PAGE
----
Navkār Mantra is eternal and there is no creator or composer of it. It is the quintessence of all Jain prayers. It is noteworthy that Navkār Mantra is not found in any early scriptures. The practice of writing Navkār Mantra at the beginning of any scriptures could have started after around 1st century AD. The manuscripts of Kalpasutra which was written around 450 AD are seen with Navkār Mantra at the beginning of the main texts.
There were two inscriptions found on the rocks:
In Kharvel (present Orissa) – Namo Arihantanam, Namo Savva Siddhanam
In Mathura – Namo Arihantanam, Namo Siddhanam (This one is thought to have been carved in 6th century AD)
In an incident in the life of Pārshvanāth Bhagwān, he recites the Navkār Mantra to a pair of snakes who were about to die after accidentally being burnt in fire. This attests that Navkār Mantra was in existence during 9th century BC.
There are many other conflicting evidences with regard to the origin and history of Navkār Mantra, but it is possible that the Navkar Mantra in its present form did not exist during the time of Mahavir Swami. People used to bow down to pay respects to enlightened and liberated souls without actually saying the exact phrases. The present form may be composed by unknown writer or writers who may have been disciples of the Tirthankars.
This is the first and foremost prayer for the Jains. It is indeed the first prayer Jain children are taught. The basis of this prayers is Namaskara (नमस्कर) which means:
– to give salutation to
– pay homage to
– give obeisance to or worship
– bow down to
Namas (नमस्) which means salutation, obeisance, adoration, bowing, paying homage to is the essence of this great payer. The first five verses begins with giving obeisance to each of the five parmesthis and also ends with paying homage to them. Only those who are humble and modest would pay homage to someone else who has better qualities than themselves. Humility appears, as ego and arrogance disappears. It manifests into devotion when the head/mind, two hands and two legs all result in prostrating the object of devotion. This is called Pañcāṅga (पञ्चाङ्ग) Namaskara.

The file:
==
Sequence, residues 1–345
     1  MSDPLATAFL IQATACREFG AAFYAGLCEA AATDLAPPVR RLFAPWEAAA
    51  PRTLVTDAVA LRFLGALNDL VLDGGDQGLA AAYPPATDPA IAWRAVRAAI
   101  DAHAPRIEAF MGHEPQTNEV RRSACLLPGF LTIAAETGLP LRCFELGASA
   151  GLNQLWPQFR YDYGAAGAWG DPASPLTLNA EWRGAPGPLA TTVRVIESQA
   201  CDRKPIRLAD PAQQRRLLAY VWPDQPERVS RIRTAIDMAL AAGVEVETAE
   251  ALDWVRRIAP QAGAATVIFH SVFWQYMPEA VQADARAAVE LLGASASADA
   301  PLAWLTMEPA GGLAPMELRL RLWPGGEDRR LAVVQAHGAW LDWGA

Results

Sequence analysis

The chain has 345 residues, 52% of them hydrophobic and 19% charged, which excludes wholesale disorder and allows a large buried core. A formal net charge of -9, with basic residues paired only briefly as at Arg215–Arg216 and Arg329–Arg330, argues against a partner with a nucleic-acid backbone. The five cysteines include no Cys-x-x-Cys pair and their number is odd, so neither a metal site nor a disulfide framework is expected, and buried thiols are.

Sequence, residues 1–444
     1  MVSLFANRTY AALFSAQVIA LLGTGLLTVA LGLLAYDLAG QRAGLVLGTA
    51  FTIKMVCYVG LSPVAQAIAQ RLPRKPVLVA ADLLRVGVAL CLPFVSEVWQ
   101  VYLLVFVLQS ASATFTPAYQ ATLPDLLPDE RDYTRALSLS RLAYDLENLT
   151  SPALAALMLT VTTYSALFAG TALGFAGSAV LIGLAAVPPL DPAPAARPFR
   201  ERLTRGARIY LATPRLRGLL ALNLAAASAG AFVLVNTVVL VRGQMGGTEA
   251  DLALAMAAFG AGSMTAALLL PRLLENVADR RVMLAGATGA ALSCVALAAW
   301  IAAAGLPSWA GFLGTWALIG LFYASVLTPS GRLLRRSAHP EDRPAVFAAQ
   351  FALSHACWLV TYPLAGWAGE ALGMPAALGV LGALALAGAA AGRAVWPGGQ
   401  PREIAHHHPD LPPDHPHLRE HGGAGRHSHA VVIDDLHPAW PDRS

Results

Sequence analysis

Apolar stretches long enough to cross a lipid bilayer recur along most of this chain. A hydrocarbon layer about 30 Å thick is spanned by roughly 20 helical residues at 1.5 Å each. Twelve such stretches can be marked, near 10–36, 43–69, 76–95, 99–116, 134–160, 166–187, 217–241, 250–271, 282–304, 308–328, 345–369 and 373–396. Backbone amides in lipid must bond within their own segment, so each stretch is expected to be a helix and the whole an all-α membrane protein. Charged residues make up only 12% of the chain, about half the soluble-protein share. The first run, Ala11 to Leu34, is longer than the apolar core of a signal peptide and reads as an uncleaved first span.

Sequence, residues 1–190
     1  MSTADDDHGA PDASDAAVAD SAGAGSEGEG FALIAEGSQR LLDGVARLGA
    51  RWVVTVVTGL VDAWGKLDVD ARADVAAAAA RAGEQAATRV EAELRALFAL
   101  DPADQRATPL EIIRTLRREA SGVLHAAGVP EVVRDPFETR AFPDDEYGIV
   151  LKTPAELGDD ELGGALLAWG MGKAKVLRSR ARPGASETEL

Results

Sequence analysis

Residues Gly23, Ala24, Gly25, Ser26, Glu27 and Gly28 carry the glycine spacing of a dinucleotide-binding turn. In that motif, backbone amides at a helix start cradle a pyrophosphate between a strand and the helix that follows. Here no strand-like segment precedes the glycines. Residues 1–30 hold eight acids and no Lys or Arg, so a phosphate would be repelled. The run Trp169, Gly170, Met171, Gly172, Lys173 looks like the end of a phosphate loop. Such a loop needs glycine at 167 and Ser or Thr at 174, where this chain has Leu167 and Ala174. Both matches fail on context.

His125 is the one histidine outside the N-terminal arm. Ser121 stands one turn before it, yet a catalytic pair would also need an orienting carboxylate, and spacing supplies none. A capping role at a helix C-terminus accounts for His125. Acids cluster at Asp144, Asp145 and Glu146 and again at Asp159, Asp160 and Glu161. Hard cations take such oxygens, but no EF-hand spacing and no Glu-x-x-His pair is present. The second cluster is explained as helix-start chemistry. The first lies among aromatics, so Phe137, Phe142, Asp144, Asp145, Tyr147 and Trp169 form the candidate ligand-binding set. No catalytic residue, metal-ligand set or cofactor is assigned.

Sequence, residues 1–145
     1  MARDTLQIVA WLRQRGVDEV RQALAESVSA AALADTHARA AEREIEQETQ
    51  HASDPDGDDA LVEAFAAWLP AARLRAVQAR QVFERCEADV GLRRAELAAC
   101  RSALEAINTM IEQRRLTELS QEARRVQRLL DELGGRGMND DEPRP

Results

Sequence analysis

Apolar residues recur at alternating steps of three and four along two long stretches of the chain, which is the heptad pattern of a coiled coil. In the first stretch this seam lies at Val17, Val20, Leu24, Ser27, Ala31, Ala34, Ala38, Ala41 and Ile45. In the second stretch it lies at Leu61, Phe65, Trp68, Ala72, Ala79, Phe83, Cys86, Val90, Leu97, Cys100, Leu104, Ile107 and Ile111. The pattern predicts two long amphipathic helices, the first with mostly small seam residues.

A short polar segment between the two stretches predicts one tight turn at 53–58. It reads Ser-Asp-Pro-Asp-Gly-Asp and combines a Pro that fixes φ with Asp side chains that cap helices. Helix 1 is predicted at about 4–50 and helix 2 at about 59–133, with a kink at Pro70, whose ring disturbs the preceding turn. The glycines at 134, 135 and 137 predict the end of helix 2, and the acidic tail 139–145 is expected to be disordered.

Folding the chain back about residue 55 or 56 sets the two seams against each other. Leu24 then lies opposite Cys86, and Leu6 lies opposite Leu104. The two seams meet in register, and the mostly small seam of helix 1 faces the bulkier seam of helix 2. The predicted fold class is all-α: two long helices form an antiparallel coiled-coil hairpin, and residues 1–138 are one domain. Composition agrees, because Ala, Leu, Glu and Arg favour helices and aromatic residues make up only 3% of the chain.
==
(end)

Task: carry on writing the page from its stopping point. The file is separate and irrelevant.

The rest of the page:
What is important to bear in mind is that obeisance is not given to the Panch Parmesthis because of their superiority, but because we are praying to be endowed with their qualities and virtues.
It is not explicitly mentioned in the Agams, but Navkār is the essence of all the scriptures and therefore it is called Mahāmantra.
There are 9 Pada (designations), 8 Sampadā (which means attainment / success /accomplishment / good fortune) and 68 letters in Shree Navkār Mantra. In these sixty eight letters there are 7 guru-jodākshar (measuring two matras /conjunct consonant) and 61 laghu (small letters).
Namo Loe Savva-Sāhuṇam
Eso Panch Namukkāro
Mangalāṇam Ca Savvesim
Padhamam Havai Mangalam
My obeisance to:
– Arihant Bhagwants
– Siddha Bhagwants
– Acharya Bhagwants
– Upadhyaya Bhagwants
– All Sadhu Bhagwants in the entire Universe
Obeisance to these five annihilates all sins. This obeisance is the most auspicious of all that is auspicious.
1. Prabodh Tika by Param Pujya Panyas BhadrankarVijayji Maharaj & Param Pujya Munishree Kalyanprabhavijayji Maharaj
3.Navkar Mantra Ma Sampada by R C Shah
I apologise and seek pardon for any unintentional errors in translation of the verses.